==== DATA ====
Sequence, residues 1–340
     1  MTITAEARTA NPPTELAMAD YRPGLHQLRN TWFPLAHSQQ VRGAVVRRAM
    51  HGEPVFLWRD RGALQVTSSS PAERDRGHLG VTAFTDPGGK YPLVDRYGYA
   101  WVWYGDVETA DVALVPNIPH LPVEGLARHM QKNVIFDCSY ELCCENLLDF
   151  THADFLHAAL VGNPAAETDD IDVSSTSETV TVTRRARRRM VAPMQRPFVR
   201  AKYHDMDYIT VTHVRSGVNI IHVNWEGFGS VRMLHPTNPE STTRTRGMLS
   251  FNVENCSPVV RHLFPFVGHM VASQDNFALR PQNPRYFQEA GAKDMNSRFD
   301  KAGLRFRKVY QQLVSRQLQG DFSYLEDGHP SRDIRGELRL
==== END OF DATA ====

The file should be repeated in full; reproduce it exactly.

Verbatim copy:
Sequence, residues 1–340
     1  MTITAEARTA NPPTELAMAD YRPGLHQLRN TWFPLAHSQQ VRGAVVRRAM
    51  HGEPVFLWRD RGALQVTSSS PAERDRGHLG VTAFTDPGGK YPLVDRYGYA
   101  WVWYGDVETA DVALVPNIPH LPVEGLARHM QKNVIFDCSY ELCCENLLDF
   151  THADFLHAAL VGNPAAETDD IDVSSTSETV TVTRRARRRM VAPMQRPFVR
   201  AKYHDMDYIT VTHVRSGVNI IHVNWEGFGS VRMLHPTNPE STTRTRGMLS
   251  FNVENCSPVV RHLFPFVGHM VASQDNFALR PQNPRYFQEA GAKDMNSRFD
   301  KAGLRFRKVY QQLVSRQLQG DFSYLEDGHP SRDIRGELRL